We do not propose at present to accept Mr. Justice LAWSON'S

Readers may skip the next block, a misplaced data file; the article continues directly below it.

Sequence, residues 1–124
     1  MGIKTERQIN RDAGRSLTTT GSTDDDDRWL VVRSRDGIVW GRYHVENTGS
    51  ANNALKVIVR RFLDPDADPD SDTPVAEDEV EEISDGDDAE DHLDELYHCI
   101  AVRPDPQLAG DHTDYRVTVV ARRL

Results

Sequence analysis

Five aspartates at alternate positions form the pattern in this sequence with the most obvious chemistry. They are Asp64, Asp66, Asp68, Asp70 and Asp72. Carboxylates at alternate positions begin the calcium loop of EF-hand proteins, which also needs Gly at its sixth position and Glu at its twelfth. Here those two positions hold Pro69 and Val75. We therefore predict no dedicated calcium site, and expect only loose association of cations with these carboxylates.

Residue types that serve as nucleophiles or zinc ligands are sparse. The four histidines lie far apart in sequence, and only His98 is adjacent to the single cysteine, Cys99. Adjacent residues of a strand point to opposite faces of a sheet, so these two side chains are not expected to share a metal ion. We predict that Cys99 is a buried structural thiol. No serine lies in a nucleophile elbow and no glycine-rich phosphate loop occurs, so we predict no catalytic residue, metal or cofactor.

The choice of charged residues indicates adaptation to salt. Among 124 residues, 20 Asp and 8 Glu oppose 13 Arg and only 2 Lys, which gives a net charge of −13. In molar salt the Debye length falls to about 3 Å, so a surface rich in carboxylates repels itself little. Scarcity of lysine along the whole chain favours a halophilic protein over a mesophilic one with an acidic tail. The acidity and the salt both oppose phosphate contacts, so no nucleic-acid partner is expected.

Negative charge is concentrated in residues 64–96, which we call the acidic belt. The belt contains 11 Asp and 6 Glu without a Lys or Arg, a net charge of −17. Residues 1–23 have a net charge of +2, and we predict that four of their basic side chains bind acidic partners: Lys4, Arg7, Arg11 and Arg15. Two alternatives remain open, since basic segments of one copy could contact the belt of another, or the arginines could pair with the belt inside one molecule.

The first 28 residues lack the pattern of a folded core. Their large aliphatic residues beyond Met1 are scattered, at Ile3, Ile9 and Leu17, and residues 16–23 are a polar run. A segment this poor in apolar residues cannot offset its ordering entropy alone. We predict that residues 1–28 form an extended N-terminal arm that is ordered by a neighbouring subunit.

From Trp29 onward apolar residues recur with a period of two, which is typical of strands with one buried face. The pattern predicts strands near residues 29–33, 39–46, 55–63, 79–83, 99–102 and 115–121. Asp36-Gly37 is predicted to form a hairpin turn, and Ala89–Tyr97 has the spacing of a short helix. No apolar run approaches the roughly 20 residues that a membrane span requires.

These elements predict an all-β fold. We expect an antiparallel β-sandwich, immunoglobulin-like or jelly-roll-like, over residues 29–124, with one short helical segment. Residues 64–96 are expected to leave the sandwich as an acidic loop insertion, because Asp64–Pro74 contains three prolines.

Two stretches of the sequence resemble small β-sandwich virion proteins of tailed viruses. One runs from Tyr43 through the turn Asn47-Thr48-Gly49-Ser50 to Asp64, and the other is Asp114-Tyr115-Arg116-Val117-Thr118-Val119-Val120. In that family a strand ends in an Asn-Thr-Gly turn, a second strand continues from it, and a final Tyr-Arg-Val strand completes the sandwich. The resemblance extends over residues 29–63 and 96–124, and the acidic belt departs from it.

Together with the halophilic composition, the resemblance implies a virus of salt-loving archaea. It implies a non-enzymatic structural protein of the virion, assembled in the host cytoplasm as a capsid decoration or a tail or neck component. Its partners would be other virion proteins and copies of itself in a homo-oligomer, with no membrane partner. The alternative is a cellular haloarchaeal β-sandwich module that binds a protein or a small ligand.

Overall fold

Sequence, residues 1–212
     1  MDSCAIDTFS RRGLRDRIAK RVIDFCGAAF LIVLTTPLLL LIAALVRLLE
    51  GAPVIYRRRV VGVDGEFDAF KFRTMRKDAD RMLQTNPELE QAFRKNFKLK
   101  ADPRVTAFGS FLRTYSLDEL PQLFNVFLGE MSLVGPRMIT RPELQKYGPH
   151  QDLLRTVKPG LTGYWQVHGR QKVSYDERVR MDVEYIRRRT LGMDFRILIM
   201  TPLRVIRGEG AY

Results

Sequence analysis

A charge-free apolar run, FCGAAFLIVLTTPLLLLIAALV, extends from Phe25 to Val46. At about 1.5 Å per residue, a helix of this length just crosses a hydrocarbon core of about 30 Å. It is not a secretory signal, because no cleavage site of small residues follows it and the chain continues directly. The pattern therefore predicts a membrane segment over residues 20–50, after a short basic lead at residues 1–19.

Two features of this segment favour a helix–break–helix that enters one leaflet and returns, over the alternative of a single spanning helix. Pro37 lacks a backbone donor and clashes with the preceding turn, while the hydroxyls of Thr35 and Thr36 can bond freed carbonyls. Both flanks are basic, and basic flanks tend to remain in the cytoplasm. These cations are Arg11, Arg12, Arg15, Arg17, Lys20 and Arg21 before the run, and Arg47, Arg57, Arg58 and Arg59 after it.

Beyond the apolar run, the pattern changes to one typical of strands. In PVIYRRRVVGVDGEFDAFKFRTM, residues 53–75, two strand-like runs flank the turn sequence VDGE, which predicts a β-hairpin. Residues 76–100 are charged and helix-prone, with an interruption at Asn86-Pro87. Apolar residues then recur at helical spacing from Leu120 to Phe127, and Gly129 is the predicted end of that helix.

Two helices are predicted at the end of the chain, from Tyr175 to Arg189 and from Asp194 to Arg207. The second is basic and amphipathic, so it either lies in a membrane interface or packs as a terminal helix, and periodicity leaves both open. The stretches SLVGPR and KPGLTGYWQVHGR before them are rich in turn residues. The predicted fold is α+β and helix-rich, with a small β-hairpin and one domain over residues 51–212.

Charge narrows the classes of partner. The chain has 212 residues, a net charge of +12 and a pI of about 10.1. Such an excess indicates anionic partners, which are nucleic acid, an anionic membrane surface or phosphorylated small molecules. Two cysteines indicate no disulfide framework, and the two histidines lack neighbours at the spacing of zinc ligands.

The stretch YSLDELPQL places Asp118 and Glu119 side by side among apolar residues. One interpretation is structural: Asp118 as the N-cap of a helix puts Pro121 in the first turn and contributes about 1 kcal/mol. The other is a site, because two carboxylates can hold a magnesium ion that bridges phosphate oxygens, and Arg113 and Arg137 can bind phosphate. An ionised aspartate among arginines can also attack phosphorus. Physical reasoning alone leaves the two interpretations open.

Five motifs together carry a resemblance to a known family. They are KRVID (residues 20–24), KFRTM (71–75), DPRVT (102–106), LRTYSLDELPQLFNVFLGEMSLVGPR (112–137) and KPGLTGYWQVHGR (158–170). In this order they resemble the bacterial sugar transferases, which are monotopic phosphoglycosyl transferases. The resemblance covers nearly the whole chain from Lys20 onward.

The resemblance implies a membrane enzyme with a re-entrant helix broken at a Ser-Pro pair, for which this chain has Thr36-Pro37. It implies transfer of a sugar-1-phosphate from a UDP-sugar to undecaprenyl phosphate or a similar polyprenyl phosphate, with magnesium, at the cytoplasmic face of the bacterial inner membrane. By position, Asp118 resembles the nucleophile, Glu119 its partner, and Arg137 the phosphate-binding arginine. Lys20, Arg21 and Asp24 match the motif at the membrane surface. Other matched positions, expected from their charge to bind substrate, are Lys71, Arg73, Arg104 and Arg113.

invitation to enter upon a full discussion of his specimen code on the law of evidence. We have very clear notions of our own as to what a code ought to be; and, looking cursorily at the one before us, we are not inclined to approve of the form which it takes. comprises forty principles, stated without classification or index. The German and French codes to a great extent adopt this plan, but we do not consider that it will do as applied to the great bulk of English law. A specimen of any particular branch of law should be upon the same method as that upon which codification generally must proceed; and we venture to think that, taking an example referred to by the learned Judge, that, namely, of contracts, it would never do to classify them simply as verbal and written. We should find ourselves in a wilderness of principles and exceptions, and if we are to have a general index at the end of the work, we might as well content ourselves with our text books.